The Secret In Their Eyes - DVD Review

'like Fincher's Zodiac, this is a film about a murder but it is also a film more concerned with the lives the murder touches than with the crime itself'

Due to the oddities of globally different release dates, The Secret In Their Eyes finds itself as both the recipient of the 2010 Academy Award for Best Foreign Film and as one of the nominees for BAFTA's equivalent 2011 award. Juan José Campanella's film thus stands in the enviable position of having been premièred in its home territory in 2009 and then continuing to generate awards buzz and publicity for the two subsequent years.

This heavy pressure of expectation can weigh the film down in the opening half hour or so. The snappy and darkly comic script, adapted by Campanella and Eduardo Sacheri from Sacheri's novel, gives way quickly to the brutal rape and murder of young schoolteacher Liliana Coloto (Carla Quevedo), a crime investigated by court official and protagonist Benjamín Esposito (Ricardo Darín) and his new boss Irene Menéndez Hastings (Soledad Villamil).

The setup seems set to play out as a lengthy murder mystery with overtones of traditional Hollywood thrillers but instead, at about the half hour mark, an obvious killer is suggested and the film seems to stagnate for a few beats, unsure of where to turn.

The route it decides on is a route incredibly similar in many ways to David Fincher's Zodiac. Like that film, this is indeed a film about a murderer who may or may not have been found and who may or may not have had justice served upon him but in the same way, it is a film more concerned with the lives the murder touches than with the crime itself.

Campanella's story is embellished with an incredible amount of detail which ensure the above concept doesn't run old or get tired quickly. Told using flashbacks, a now older Benjamín seeks out Irene again to go over the case, the two's unrequited love indelibly linked to Liliana's murder. This forms the main backbone of the surrounding stories but when you add to this the story of the victim's husband, the supposed murderer and Benjamín's alcoholic colleague, you get a tale incredibly rich in detail, all rounded off by a final quarter that will both catch many viewers off-guard and provide detailed closure in equal measure.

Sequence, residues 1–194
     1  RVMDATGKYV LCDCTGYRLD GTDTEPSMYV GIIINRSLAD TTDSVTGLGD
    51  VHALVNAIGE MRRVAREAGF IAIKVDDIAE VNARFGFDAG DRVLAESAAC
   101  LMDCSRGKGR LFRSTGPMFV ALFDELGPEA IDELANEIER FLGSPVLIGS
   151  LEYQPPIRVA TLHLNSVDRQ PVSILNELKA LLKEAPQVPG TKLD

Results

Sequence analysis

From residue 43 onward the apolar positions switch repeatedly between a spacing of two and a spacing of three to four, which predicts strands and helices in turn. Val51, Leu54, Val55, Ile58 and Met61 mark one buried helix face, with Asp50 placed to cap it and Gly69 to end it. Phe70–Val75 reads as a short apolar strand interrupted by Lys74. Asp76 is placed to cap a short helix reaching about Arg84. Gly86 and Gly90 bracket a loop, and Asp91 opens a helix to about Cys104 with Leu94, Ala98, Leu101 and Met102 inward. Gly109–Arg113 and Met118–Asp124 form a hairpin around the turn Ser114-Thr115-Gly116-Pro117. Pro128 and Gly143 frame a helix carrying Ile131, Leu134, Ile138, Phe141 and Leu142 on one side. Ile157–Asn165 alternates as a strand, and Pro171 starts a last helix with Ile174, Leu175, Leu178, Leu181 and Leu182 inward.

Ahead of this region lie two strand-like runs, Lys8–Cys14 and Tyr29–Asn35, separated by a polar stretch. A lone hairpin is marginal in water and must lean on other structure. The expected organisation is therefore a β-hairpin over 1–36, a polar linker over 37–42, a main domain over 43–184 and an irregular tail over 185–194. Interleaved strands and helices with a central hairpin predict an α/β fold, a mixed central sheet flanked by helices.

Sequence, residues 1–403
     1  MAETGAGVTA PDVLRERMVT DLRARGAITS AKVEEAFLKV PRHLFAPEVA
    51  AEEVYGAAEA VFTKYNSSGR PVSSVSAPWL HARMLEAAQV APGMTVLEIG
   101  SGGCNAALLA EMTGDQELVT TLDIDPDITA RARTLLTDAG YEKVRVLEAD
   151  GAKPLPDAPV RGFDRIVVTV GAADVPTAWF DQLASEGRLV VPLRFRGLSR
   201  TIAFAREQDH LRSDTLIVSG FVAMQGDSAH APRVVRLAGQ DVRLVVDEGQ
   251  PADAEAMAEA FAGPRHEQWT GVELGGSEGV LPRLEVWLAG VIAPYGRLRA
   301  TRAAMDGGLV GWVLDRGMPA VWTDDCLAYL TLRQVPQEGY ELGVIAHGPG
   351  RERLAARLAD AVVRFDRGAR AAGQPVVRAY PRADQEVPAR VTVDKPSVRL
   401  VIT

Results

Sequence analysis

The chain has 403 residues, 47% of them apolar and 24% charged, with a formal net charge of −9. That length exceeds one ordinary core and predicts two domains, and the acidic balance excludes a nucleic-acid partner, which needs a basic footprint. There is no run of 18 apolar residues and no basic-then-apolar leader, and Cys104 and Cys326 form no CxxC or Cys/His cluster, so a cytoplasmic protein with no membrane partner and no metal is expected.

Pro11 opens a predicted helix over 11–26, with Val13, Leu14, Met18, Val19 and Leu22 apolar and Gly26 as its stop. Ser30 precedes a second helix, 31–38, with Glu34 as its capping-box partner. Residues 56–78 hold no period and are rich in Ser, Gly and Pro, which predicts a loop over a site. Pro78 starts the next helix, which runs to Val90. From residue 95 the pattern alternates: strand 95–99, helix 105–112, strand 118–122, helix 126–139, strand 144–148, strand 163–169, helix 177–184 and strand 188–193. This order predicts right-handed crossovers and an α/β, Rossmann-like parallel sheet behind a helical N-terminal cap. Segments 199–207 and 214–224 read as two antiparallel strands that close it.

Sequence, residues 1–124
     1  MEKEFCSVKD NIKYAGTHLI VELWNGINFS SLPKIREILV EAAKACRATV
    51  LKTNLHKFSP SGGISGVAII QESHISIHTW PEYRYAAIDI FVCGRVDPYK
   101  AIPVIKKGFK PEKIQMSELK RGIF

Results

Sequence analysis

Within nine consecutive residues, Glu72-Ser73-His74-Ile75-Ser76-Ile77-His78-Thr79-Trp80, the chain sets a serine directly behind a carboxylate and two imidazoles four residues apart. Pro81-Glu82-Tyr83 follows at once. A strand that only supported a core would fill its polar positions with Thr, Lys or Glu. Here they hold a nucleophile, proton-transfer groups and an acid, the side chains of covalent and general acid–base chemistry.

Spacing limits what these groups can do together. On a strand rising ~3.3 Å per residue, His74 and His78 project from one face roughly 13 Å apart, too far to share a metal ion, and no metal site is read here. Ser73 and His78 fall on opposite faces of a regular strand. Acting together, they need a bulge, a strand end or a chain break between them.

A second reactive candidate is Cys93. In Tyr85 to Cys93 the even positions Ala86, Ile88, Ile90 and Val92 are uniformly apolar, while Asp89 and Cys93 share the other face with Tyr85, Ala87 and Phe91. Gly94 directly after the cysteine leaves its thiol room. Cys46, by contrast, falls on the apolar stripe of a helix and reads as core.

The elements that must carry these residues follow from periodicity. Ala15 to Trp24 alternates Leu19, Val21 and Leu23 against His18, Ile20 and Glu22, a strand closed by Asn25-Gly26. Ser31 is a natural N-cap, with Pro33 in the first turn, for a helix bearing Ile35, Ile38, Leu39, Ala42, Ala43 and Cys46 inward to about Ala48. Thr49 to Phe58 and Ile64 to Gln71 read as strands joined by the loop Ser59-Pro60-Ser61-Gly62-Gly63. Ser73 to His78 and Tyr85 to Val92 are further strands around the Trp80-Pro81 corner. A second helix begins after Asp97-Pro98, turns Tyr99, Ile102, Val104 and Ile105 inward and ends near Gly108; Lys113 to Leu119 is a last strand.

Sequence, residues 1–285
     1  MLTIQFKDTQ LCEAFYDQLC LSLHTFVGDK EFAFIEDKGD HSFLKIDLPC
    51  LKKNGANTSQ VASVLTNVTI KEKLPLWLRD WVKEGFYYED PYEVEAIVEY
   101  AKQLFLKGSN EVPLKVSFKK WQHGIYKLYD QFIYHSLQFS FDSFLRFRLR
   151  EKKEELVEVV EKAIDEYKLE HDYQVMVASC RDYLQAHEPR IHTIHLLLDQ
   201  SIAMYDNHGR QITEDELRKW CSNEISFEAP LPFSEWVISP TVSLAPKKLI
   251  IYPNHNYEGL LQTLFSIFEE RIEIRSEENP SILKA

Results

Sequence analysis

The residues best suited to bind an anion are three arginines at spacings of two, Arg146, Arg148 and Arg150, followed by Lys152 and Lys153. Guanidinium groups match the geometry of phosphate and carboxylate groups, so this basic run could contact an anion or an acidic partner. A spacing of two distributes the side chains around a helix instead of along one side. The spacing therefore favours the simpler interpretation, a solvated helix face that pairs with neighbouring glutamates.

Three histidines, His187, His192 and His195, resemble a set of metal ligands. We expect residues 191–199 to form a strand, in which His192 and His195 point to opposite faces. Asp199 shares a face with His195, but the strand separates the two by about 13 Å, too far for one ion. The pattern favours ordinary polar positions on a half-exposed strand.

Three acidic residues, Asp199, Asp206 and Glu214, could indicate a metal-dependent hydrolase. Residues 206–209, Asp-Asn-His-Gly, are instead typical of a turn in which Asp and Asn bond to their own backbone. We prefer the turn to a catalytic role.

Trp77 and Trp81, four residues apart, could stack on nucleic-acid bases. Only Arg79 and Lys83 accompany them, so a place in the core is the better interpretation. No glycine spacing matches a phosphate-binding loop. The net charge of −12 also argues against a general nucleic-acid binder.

If the film has problems, they can only be significantly noted on two fronts. Firstly, although Campanella obviously has technical ability (a sweeping football stadium shot that starts miles away and ends up in the faces of the crowd in one smooth movement is a highlight) he fails to show it on regular occasions. The criticism that any given film 'looks televisual' has become too easy and too lazy a motif to trot out recently but that isn't to say it doesn't have merit and The Secret In Their Eyes can feel like a feature-length Midsomer Murders. Perversely, the second problem is that when Campanella does attempt to visually stage his themes he goes for the overtly obvious. A late scene sees three main characters shot with bars between them and the camera: they are literally imprisoned by the mystery that has obsessed them for years. Likewise, shots of Benjamín gazing at Irene from above, from the side and from behind pervade; they're never on equal footing and Campanella wants to make sure you see that.

Despite the film's minor problems the awarding bodies have got their lavishing of attention just right. The Secret In Their Eyes is better than both high profile entries from last year's Oscars (The White Ribbon and A Prophet) and based on the story alone, deserves another award this year from BAFTA. Campanella's work may occasionally lack visual flourish but its integrity and dark wit can't be questioned. See it now, before Hollywood taps it for an inevitable remake.

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'a finely crafted film that is intoxicating to watch. It may not be all that fresh or groundbreaking, but it shows Hollywood that thrillers can be made with real class and restraint rather than resorting to flashy set-pieces and sex symbol stars' - Row Three, 4/5


  1. Glad you liked it. I admit it has a few moments that are a bit off kilter, but I was quite entranced by its peculiarities.

  2. I thought it was just a really compelling story. There was the odd miss-step as you say but never anything that threatened to take me out of how much I was enjoying seeing it unfold.

  3. beautiful, interesting movie. it went in unexpected directions.

  4. Definitely did. I didn't see the end coming at all. Very much enjoyed it.

  5. This was great, and eve though a bit slow I still found it to be really intriguing.

  6. Yup, agree completely. Was so absorbed in it I didn't even really notice the slow pace.